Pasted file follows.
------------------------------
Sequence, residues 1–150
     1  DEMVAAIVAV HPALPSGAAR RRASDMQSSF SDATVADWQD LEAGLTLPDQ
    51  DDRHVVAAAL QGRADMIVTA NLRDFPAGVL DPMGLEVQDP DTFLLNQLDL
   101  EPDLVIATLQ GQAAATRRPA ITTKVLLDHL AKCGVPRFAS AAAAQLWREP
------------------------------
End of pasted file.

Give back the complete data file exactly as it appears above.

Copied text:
Sequence, residues 1–150
     1  DEMVAAIVAV HPALPSGAAR RRASDMQSSF SDATVADWQD LEAGLTLPDQ
    51  DDRHVVAAAL QGRADMIVTA NLRDFPAGVL DPMGLEVQDP DTFLLNQLDL
   101  EPDLVIATLQ GQAAATRRPA ITTKVLLDHL AKCGVPRFAS AAAAQLWREP